Record Retention Guidelines

Taxpayers who are subject to the federal income tax or who are required to file information returns with the Internal Revenue Service, must keep accurate records. In the event your return is audited, the auditor will expect you to substantiate the revenue and expenses reported on the return with proper accounting documentation. Generally, no penalty is imposed for failure to keep the required records. However, in case of a dispute with the IRS, the burden of proof is on the taxpayer. Incomplete or nonexistent records may result in interest, penalties and loss of legitimate deductions.

This guide provides suggested retention times for specific types of records. It is prepared based on information published by the American Institute of Certified Public Accountants. However, it is not all inclusive. For questions about specific applications, consult with your Accountant or Tax Preparer.

Audit Records & Reports
Canceled Checks for Taxes, Property Purchases and Contracts
Cash Books
Charts of Accounts
Contracts & Leases (in effect)
Copyrights, Patents and Related Papers
Corporate Stock and Bond Records, Charters, Bylaws, Corporate Meeting Minute Books, Transfer Registers, Options, etc.
Current Insurance Records, Claims, Policies, etc.
Financial Statements (year-end. Others are optional)
Fixed Asset Records and Depreciation Records and Schedules
General Ledger and Journals
Income and other Tax Returns & Supporting Documentation
Real Estate Records (Deeds, Mortgages, Appraisals by Outside Appraisers, Bills of Sale, etc.)
Retirement and Pension Records
Tax and Legal Correspondence

Seven Years
Accident Reports / Settled Insurance Claims
Canceled Checks (exception noted above)
Canceled Stock & Bond Certificates and Expired Option Records
Employee Earnings Summaries and Payroll / Personnel Records
Expense Reports, Analyses, Distribution Schedules and Payment Vouchers
Expired Contracts, Mortgages, Notes and Leases
Group Disability and other Insurance Safety Reports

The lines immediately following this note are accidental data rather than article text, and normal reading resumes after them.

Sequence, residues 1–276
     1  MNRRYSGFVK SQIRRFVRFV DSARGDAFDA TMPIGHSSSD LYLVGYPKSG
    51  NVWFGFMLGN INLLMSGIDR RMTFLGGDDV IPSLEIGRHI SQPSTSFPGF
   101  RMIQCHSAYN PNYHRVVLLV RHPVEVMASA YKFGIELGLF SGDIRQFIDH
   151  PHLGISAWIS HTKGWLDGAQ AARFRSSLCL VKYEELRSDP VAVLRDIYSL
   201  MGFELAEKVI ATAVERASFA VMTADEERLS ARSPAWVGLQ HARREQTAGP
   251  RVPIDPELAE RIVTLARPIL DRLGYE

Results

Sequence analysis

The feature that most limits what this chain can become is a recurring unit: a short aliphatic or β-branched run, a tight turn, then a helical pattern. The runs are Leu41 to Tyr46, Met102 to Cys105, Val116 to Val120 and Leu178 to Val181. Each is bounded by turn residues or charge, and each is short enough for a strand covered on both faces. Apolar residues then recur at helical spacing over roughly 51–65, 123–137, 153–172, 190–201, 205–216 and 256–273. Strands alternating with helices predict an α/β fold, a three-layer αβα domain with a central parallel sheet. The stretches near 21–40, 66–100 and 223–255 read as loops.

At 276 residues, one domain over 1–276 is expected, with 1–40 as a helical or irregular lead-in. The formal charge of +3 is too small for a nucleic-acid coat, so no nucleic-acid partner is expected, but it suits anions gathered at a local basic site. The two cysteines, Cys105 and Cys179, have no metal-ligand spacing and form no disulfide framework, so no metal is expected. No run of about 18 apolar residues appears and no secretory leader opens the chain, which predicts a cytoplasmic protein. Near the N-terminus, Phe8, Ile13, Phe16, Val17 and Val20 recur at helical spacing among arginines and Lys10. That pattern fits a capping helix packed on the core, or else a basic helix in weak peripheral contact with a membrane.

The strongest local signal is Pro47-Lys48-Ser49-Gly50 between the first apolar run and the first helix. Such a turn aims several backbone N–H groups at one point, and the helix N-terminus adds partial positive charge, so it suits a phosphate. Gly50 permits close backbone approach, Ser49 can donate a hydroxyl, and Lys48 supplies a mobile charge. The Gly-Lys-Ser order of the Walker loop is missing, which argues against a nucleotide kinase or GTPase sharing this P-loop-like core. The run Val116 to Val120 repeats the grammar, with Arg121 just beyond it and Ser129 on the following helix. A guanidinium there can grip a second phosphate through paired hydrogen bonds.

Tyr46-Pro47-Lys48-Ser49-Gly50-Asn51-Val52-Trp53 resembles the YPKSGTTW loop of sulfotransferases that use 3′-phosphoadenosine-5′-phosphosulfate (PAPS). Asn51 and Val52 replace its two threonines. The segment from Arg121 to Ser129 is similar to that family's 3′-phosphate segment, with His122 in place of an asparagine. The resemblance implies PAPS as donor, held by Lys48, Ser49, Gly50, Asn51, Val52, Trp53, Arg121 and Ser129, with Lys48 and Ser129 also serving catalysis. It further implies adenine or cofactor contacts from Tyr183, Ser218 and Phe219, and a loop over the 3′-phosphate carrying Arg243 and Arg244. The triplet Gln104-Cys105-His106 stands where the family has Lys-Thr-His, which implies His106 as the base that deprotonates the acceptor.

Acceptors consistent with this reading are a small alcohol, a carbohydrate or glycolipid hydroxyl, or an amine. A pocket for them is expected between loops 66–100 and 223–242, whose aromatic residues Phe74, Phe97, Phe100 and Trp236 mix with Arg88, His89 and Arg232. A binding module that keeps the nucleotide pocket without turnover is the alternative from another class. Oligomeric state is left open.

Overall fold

Inventory Records of Products, Materials and Supplies
Invoices to Customers and from Suppliers
IRS Form 8300: Report on Cash Transactions Over $10,000 Received in a Trade or Business
Plant Cost Ledgers and other Cost Accounting Records and Reports
Purchase Orders, Shipping & Receiving records and related correspondence
Sales Records
Scrap and Salvage Ledgers
Subsidiary Ledgers and Schedules for Accounts and Notes Payable and Accounts and Notes Receivable
Voucher Registers and Schedules
Withholding Tax Statements

Three Years
Bank Statements and Deposit Slips
Employment Applications
Expired Insurance Policies
Internal Audit Reports
Internal Reports (misc. financial)
Payroll Time Sheets or Cards
Petty Cash and Cash Paid-Out Vouchers
Physical Inventory Tags and Control Records
Records in support of Customer Guarantees and Warranties
Sales Commission Reports
Two Years
Bank Reconciliations
Duplicate Deposit Slips
General Business Correspondence

Other Misc. Records
1. Real and Personal Property – Three years beyond the time the property is in use.
2. Passive Losses – If a taxpayer is unable to currently deduct a loss from a passive activity, they are permitted to carry forward the loss indefinitely until the loss is used to offset passive income or the passive activity is disposed of in a taxable transaction. Carry forward losses are computed on worksheets provided by the IRS and these worksheets should be retained until at least three years after the carry forward losses are used.
3. Nondeductible IRA Contributions – Taxpayers who make non-deductible IRA contributions are required by the IRS to retain all the tax records that pertain to such contributions until the taxpayer’s IRA’s are fully distributed. These records include form 8606, Forms 1040 or 1040A, Form 5498 and forms 1099-R or W-2P.
4. Principal Residence – Records verifying a taxpayer’s basis in his or her principal residence must be kept until he or she is sure they will no longer be an issue. Such records pertain to original cost, capital improvements and Form 2119 – Sale or Exchange of Principal Residence.

** Retention time is measured from the later of tax return due date or filing date, plus any amendment or extension date.